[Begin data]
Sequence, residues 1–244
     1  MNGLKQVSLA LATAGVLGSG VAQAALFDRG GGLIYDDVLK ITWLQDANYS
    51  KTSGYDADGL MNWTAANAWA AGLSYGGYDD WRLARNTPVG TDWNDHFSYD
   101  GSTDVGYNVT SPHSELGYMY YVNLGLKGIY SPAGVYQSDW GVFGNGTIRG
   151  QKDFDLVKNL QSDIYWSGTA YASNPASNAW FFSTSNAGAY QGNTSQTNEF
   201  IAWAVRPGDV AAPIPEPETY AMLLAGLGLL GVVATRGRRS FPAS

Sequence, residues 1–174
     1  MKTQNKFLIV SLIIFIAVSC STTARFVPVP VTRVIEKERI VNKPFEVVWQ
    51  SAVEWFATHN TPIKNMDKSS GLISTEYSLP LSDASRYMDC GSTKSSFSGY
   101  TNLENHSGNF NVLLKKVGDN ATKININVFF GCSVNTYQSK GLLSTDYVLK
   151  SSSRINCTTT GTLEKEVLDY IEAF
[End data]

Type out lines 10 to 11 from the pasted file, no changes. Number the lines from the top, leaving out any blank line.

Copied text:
   101  TNLENHSGNF NVLLKKVGDN ATKININVFF GCSVNTYQSK GLLSTDYVLK
   151  SSSRINCTTT GTLEKEVLDY IEAF